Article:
Definition of Fox-trot economy:
A description of an expected pattern of economic activity. Like the ballroom dance steps of the foxtrot, periods of reported fast-fast economic growth figures are usually followed by slow-slow numbers and the cycle repeats over time. This flamboyant depiction was popularized by investment analyst Jeffery Saut.
A "fox-trot economy" refers to a pattern of economic growth where periods of rapid expansion are followed by periods of slow growth. Economic growth occurs when an economy's ability to produce more goods and services increases from one period to the next, which can result from such things as more workers entering the workforce or advances in technology.
The ability to grow an economy and create economic growth can occur rapidly or more slowly, and it may even decrease. Many different factors can influence the rate of growth in an economy, and the rate will usually vary over time. Although there are no concrete rules that accurately predict exactly how an economy will grow, patterns of economic growth can still be described, and the fox-trot economy is one such pattern.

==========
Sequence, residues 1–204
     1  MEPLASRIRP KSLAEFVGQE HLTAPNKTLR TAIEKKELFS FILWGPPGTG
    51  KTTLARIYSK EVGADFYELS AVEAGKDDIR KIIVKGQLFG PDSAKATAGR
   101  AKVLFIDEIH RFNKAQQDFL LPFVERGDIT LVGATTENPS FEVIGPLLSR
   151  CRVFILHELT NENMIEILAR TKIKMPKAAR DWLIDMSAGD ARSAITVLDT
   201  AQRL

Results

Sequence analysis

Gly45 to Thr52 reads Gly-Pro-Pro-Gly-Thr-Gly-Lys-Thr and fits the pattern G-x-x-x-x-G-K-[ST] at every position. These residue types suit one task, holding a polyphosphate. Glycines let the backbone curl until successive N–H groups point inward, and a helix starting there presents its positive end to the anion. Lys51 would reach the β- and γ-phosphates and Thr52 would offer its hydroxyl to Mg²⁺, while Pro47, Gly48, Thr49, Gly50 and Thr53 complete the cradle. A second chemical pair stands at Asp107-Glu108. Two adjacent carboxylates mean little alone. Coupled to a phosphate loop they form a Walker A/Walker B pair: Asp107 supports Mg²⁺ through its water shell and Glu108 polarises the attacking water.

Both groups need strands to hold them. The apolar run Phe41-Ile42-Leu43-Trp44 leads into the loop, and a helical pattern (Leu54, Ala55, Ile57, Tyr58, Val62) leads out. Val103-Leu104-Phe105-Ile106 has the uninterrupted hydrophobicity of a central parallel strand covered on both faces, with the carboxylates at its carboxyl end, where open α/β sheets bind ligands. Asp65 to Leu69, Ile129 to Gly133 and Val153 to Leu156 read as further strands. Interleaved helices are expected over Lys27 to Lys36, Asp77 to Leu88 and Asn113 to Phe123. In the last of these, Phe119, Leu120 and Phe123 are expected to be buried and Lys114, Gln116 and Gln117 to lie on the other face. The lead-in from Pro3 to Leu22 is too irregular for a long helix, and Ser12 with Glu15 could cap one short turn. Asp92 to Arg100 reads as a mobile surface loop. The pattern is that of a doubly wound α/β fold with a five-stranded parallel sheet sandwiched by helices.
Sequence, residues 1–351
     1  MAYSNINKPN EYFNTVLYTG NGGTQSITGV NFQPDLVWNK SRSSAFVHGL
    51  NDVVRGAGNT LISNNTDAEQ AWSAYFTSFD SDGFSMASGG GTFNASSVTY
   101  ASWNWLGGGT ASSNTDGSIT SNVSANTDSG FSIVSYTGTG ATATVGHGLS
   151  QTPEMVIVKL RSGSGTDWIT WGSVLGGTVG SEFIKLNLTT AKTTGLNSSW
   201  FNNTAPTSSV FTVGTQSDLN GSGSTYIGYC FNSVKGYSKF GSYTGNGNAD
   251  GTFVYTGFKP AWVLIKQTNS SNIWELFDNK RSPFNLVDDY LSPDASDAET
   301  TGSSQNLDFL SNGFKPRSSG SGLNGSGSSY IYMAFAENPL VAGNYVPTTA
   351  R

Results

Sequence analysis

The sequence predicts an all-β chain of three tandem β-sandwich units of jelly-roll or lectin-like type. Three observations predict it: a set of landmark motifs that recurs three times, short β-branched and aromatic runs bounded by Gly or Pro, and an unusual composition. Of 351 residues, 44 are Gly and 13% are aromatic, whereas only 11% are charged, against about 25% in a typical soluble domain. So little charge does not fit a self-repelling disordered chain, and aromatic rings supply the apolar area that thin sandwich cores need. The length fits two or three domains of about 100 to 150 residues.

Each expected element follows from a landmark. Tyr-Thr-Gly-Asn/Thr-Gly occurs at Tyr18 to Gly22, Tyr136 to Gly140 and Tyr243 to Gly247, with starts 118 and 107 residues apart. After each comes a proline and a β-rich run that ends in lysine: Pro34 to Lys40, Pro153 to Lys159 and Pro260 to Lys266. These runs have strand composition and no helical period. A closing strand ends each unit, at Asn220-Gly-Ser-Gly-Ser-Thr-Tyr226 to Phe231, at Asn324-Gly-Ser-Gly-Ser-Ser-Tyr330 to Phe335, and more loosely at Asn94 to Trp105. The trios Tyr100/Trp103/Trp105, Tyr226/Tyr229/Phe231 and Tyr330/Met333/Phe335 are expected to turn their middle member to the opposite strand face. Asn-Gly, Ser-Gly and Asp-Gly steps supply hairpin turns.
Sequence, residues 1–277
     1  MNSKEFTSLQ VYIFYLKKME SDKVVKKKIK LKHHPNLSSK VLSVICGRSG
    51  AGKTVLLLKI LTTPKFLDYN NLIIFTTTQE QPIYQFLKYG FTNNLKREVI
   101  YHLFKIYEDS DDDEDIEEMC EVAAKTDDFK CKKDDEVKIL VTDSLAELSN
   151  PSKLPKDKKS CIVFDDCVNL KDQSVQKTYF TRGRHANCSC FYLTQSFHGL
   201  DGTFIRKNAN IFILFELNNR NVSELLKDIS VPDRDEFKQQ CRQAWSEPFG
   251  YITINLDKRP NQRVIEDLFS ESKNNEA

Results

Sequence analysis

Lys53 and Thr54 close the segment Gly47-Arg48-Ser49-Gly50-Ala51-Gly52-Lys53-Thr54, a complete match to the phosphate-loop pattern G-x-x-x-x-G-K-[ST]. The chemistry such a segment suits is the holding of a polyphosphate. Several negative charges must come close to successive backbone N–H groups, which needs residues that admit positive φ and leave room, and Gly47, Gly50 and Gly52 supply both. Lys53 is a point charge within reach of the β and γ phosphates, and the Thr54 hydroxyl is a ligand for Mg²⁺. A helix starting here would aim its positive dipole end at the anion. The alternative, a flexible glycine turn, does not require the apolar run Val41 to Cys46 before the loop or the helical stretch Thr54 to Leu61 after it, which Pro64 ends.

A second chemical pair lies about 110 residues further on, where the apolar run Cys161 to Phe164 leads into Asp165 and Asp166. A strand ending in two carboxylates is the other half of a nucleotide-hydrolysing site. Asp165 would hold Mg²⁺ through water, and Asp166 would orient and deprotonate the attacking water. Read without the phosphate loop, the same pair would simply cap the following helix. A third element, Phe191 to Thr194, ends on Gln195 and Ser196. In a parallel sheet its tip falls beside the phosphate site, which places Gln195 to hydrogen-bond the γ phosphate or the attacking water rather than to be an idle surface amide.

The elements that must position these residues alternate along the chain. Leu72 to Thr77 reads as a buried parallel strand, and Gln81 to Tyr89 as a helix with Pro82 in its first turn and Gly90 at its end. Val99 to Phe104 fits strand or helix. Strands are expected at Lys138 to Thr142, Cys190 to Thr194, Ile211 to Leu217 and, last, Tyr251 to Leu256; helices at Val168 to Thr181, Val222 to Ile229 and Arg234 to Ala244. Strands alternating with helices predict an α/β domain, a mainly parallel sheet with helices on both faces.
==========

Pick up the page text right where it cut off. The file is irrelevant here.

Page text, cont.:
How to use Fox-trot economy in a sentence?
- Macroeconomic volatility, such as during a fox-trot economy, can lead to overall lower rates of return on assets relative to periods of predictable, steady growth.
- Repeated economic shocks (positive or negative) can contribute to volatility in economic growth rates.
- A fox-trot economy is a period when the economy undergoes frequents shifts between faster and slower growth.
Meaning of Fox-trot economy & Fox-trot economy Definition